It’s sometimes easy to forget that the battles that play out between F1 teams on track and in the factories are just the composites of thousands of human stories. Each individual has their own personal circumstances, their own skills and experiences, their own lives, their own motivations – and they’re all different.
Getting that group to work together in the best way possible, extracting the most from that collection of individuals, requires a very humanistic approach, not just a technical one. Many brilliant engineers have shown themselves to be less than great managers of people. Very few combine both skills well.
One who understands this intrinsically is Mercedes’ technical director James Allison. He gave an interview on Mercedes’ own channel at the weekend that was remarkable in its candidness, never more so than when he talked of the personal devastation of losing his wife Rebecca to meningitis early in 2016.
“At the time I started at Mercedes it was only a few months after my wife had died and I was something of a wreck.
“I’m still grieving today four years on but then I was crying on my way into work and crying on the way home. I hoped I’d be useful and would find my feet and carve out a sort of world for myself after Becca died but it was more of a hope than a certainty.”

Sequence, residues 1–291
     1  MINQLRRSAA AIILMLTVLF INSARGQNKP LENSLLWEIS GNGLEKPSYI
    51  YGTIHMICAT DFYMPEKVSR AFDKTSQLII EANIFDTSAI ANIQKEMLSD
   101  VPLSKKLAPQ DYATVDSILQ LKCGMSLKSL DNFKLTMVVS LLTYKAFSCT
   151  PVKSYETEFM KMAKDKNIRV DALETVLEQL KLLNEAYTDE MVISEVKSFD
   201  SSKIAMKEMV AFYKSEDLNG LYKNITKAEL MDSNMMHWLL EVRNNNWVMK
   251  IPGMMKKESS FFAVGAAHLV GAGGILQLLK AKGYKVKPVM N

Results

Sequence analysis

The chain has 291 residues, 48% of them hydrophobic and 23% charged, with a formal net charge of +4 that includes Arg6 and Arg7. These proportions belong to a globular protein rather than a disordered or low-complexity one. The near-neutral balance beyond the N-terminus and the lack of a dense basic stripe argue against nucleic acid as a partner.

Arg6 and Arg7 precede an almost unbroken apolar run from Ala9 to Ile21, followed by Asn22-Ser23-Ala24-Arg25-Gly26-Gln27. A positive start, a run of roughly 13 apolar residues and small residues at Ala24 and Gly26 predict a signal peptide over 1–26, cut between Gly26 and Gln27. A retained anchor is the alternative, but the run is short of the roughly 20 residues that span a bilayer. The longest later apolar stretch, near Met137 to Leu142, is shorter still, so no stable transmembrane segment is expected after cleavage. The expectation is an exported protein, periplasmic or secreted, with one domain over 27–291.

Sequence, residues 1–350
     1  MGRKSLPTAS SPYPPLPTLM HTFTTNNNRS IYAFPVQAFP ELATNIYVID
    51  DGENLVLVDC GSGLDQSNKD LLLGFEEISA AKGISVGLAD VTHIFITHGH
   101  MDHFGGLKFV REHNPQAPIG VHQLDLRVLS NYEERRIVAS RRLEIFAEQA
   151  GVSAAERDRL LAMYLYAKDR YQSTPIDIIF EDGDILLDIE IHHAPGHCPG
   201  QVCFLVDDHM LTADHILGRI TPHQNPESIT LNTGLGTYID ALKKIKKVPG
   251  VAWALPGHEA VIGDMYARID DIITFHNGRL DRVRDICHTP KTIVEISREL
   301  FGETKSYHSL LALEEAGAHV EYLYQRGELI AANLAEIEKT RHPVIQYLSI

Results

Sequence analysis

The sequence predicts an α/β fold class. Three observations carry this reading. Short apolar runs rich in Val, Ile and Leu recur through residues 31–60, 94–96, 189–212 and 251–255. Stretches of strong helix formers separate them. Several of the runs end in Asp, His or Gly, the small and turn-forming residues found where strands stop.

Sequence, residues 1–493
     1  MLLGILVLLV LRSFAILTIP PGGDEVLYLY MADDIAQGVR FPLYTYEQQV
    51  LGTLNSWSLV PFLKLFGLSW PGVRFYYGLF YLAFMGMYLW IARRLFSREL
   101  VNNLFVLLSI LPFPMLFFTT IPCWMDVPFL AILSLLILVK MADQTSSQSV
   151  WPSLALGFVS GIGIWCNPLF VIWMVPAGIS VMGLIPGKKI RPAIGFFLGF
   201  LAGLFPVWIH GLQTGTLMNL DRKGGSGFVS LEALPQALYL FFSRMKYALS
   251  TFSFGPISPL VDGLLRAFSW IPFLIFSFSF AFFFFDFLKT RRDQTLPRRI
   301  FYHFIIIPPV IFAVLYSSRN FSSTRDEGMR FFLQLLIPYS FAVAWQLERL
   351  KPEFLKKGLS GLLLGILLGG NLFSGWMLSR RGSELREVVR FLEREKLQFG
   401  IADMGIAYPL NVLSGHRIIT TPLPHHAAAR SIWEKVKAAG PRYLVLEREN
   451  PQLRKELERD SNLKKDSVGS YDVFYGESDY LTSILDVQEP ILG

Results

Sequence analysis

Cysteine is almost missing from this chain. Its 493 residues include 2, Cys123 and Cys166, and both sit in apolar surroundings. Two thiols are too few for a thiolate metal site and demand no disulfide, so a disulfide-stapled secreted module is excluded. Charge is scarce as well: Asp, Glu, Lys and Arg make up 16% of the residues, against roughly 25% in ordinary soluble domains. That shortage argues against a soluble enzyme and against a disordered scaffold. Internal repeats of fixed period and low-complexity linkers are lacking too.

He talks of how grateful he was to Mercedes for providing him with a role which “made me feel welcome and provided a space for me to work and created an environment for me where I could be useful and where I could breathe and recover… and I was very, very fortunate to be granted a place in a team that is extraordinarily warm-hearted and with a group of people who didn’t need me but nevertheless opened their arms to me and made me feel welcome.
“At the time most of me just wanted to climb into a hole and never come out again. But Toto [Wolff] gave me this opportunity and I hoped that as time passed I’d start to feel that I’d want to re-engage with the world and by the time I was walking through the factory gates at Brackley I was feeling a little stronger and a little more useful and getting a sense that despite the pain of losing Becca there was still some use in me.”
Remarkable words from a remarkable man, one who as a technical boss blends his engineering knowledge with the personal qualities that inspire, and which set the tone of the working environment.
Allison has had many influences and bosses, but saves special praise for Bob Bell, his former engineering chief at Renault and someone who later played a crucial role in setting up the Mercedes technical team that Allison now leads.
“As an engineer I worked under many people I admire, but none more so than Bob Bell… Anyone who has worked for him would have nothing but good things to say about him. He’s got the most fantastically good clear judgement and to top that – and actually more impressively – he has a level of unimpeachable integrity that sets an example to anyone who has worked alongside him or under him.